The long-sought trauma center to treat seriously injured patients in the Southeast Valley opened this week.
Chandler Regional Medical Center opened the Valley’s first Level I trauma center outside a cluster in Phoenix and Scottsdale.
“This is significant to have a Level I trauma center in the East Valley,” said EMS Capt. Suzy Vargo of the Chandler Fire Department. “For the growth we’ve seen in this region, we needed this. We’ve been waiting a long time for this in the East Valley.”
Chandler Regional expects to see more than 1,200 trauma patients annually. There were 42 “trauma activations” — incidents involving trauma but not necessarily major cases — reported to Chandler Regional Medical Center between March 24 and 27, according to Julie Graham, director of public relations, marketing and communications.
Previously, those patients were transported to either Phoenix or Scottsdale, often missing out on care during the “golden hour,” the first hour post-injury.
“Fifty-eight percent of trauma victims in the Southeast Valley weren’t getting treatment within the golden hour because it took so long to get them to a trauma center,” said Forrest “Dell” Moore, trauma medical director at Chandler Regional. “That changes dramatically in the patients’ favor now.”
Vargo estimated patients’ transport time will at least be cut in half, depending on multiple factors like traffic and location. Chandler Regional also will serve parts of Pinal County, where 10 percent of trauma victims previously received Level I care within the “golden hour,” according to the hospital.
Level I is the highest designation for a trauma center. Under the designation, the hospital is required to be prepared at all times with medical specialist in multiple fields and equipment to immediately treat serious trauma injuries. Those specialists who must be on hand or on-call 24 hours a day include anesthesiologists, emergency physicians, hand surgeons, neurosurgeons, orthopedic surgeons, plastic surgeons and trauma critical care surgeons.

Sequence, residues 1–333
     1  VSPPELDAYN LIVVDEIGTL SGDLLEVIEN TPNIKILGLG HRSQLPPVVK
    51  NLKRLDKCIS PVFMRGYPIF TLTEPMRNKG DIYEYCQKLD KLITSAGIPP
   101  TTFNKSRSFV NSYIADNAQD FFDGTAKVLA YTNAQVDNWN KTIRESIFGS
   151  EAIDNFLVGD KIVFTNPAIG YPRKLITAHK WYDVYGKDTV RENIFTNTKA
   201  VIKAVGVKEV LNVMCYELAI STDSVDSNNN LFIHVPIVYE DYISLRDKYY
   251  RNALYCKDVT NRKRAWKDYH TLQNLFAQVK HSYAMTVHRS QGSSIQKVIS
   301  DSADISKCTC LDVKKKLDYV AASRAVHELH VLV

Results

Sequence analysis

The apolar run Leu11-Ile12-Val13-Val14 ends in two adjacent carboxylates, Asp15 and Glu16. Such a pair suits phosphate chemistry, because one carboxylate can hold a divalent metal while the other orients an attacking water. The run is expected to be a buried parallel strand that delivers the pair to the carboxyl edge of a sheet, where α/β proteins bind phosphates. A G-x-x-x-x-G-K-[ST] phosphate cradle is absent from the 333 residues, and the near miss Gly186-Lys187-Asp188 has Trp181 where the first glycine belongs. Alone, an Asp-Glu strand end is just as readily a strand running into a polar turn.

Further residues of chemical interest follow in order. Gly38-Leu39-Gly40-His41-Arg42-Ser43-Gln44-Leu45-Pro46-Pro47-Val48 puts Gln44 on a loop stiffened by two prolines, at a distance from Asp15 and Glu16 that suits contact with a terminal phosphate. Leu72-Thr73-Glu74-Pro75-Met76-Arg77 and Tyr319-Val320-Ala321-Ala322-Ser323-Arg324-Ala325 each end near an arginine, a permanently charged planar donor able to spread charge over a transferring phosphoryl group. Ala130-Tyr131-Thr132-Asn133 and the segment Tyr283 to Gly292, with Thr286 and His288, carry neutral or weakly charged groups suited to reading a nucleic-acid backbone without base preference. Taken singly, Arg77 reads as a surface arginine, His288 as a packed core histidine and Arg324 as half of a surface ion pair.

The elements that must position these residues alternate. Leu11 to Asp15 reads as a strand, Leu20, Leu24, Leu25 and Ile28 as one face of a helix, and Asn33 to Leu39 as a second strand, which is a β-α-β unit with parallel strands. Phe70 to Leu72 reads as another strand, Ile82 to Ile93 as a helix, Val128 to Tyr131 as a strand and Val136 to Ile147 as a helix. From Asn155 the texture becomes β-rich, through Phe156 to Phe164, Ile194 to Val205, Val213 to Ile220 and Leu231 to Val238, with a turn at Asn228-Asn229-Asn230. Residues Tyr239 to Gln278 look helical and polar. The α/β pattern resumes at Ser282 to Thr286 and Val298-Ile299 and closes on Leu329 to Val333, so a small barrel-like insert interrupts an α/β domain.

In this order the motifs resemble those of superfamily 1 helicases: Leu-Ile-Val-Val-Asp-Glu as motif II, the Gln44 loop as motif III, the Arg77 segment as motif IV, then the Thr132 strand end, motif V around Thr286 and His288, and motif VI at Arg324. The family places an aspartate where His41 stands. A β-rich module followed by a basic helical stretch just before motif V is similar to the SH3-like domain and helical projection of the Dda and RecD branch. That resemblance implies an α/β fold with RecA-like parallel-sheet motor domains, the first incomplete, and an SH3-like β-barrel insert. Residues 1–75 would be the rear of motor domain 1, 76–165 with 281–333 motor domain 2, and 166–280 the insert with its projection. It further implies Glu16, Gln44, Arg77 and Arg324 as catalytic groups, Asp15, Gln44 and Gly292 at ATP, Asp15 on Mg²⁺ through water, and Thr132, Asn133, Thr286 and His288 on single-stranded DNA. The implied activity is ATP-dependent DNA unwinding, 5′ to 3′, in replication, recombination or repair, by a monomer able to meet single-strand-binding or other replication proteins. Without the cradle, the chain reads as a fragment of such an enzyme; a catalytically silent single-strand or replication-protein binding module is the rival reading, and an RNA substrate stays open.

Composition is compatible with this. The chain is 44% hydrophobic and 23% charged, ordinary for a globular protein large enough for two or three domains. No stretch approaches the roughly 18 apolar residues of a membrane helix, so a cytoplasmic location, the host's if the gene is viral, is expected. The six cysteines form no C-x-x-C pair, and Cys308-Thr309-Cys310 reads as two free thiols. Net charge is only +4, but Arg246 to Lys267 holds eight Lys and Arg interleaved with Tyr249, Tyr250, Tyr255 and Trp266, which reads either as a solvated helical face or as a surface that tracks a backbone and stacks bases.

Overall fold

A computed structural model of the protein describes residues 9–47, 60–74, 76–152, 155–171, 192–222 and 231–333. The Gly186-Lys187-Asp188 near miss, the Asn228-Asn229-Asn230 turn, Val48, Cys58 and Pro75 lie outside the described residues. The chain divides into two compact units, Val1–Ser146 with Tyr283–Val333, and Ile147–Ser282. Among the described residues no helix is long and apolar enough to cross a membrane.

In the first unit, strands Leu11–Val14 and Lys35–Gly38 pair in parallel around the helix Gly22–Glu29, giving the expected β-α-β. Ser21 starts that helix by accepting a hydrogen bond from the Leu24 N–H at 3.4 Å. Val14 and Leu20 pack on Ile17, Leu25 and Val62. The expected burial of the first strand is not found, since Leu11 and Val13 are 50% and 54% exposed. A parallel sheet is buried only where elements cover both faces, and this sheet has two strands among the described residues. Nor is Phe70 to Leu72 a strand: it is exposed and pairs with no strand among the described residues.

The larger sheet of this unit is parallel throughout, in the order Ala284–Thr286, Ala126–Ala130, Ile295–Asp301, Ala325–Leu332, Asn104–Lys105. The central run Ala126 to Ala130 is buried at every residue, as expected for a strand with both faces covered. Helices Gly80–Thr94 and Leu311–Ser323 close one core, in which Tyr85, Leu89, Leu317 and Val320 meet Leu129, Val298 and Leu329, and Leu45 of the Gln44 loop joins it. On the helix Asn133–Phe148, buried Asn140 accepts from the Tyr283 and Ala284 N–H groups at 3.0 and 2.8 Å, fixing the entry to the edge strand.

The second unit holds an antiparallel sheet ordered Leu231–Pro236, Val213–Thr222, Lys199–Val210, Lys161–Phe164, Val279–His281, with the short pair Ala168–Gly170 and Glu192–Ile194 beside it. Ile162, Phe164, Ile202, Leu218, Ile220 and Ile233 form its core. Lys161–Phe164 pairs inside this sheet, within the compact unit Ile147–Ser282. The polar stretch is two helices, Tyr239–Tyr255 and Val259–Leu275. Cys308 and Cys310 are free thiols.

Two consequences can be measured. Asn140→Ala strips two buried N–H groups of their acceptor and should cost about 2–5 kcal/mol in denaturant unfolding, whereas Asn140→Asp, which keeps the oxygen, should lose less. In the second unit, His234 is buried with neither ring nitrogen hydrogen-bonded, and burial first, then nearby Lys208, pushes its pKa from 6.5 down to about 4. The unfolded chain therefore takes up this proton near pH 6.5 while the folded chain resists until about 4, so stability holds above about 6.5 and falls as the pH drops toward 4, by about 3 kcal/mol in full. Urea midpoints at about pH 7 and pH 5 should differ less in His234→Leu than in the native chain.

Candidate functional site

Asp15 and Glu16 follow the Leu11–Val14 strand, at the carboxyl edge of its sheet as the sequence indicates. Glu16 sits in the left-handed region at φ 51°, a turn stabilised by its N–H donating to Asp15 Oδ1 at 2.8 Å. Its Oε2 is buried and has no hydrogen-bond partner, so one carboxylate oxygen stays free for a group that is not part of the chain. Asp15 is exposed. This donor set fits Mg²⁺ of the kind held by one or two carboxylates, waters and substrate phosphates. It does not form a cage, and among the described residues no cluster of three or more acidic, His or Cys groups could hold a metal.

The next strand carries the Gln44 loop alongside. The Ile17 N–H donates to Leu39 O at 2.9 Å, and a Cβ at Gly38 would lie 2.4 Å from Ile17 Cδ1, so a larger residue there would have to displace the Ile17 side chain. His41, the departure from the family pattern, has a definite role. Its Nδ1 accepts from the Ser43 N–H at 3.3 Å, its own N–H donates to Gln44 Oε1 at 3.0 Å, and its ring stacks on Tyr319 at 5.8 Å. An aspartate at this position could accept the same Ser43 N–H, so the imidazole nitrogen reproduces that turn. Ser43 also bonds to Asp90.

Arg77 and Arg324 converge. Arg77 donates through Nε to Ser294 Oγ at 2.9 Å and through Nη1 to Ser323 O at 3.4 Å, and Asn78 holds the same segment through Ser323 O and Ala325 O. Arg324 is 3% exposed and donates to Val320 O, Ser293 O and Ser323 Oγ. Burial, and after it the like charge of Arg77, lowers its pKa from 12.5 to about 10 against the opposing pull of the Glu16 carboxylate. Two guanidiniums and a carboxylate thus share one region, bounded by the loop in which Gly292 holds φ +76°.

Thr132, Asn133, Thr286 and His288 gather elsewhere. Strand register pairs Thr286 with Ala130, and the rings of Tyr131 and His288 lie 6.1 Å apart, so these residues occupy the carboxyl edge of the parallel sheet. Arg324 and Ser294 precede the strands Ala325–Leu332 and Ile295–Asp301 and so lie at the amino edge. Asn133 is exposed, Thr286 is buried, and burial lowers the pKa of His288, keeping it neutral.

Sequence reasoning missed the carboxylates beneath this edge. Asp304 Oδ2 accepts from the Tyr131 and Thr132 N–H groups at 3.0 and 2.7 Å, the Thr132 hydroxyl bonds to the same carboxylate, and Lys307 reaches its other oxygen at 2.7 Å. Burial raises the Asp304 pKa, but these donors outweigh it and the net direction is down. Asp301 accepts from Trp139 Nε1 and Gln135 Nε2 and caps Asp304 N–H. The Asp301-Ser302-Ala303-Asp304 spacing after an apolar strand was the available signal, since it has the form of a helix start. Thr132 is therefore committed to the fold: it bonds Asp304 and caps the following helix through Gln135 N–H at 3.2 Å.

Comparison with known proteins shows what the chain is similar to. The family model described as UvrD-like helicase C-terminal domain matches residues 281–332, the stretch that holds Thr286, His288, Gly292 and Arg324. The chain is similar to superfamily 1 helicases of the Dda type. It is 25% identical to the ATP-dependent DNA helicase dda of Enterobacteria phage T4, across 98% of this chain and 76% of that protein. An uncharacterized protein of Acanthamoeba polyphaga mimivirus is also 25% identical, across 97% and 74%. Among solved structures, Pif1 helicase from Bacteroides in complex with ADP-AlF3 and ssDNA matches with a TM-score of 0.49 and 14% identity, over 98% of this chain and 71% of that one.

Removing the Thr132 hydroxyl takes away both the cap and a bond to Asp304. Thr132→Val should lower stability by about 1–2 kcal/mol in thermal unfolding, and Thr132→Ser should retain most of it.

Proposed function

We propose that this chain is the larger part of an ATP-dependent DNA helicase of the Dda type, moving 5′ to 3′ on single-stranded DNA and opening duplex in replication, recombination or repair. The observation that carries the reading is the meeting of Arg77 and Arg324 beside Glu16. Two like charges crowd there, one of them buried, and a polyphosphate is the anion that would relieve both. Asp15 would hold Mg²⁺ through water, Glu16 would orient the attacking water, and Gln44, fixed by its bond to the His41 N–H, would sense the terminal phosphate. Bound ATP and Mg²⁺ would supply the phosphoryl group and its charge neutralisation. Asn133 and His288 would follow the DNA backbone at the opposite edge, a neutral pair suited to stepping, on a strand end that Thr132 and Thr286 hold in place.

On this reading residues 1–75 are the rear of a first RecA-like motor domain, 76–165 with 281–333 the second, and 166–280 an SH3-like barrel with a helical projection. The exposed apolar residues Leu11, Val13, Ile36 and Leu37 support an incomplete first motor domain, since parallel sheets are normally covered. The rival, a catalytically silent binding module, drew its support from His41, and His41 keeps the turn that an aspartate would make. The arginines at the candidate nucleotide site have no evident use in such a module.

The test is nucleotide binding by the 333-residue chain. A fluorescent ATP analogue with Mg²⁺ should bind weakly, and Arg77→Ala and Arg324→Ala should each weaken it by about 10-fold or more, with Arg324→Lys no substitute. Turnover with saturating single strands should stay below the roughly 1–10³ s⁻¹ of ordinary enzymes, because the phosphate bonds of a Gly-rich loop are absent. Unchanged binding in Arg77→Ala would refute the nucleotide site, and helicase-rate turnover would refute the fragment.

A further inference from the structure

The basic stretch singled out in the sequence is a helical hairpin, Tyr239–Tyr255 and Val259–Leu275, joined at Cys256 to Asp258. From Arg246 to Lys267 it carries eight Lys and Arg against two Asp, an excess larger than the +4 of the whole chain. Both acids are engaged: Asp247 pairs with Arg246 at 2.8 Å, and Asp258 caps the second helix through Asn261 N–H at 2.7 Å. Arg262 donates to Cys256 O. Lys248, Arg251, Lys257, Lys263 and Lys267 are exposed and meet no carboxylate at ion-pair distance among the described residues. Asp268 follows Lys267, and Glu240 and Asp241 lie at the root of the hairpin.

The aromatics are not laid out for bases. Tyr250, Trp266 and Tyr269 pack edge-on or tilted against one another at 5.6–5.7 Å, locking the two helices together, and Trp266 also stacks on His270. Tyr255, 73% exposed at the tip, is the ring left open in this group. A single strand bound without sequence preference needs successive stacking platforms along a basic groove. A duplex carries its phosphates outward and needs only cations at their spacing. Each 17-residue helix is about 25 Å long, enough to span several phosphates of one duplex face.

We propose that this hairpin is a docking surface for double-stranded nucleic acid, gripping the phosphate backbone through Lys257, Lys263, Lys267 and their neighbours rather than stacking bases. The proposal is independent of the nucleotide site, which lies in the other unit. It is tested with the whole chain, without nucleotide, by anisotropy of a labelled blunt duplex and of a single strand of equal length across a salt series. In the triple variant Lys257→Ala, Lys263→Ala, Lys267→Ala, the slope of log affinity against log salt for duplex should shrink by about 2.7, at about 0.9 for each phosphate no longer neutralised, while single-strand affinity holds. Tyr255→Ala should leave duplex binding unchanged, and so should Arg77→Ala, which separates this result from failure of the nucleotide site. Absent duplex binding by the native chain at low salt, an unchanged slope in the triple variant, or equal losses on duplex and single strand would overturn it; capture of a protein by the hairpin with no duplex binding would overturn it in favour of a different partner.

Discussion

Trauma doctors at Chandler Regional conducted 50 mock trauma situations in the past month in preparation for Monday’s opening.
It is the first new, non-pediatric Level I trauma center in the Valley since the state started designating them about eight years ago.
The Chandler Regional trauma center originally was schedule to open last year but was pushed back, Moore said, until after flu season for an already busy hospital.
“Things get delayed all the time,” Vargo said, “but we hoped they wouldn’t give up on it.”
Chandler Region will open a new tower later this year with 96 beds, expanded the emergency department and increased operating room capacity.
“The additional beds in our new tower will allow us to admit patients we have treated in our emergency department and continue to care for them through recovery and discharge,” said Tim Bricker, Chandler Regional president and CEO. “Not only will the care be seamless and continuous, but family and loved ones of Southeast Valley residents who suffer traumatic injuries will be able to visit and support patients a little closer to home.”
Statewide there are five Level I trauma centers in Phoenix and one each on Scottsdale, Tucson and Flagstaff.
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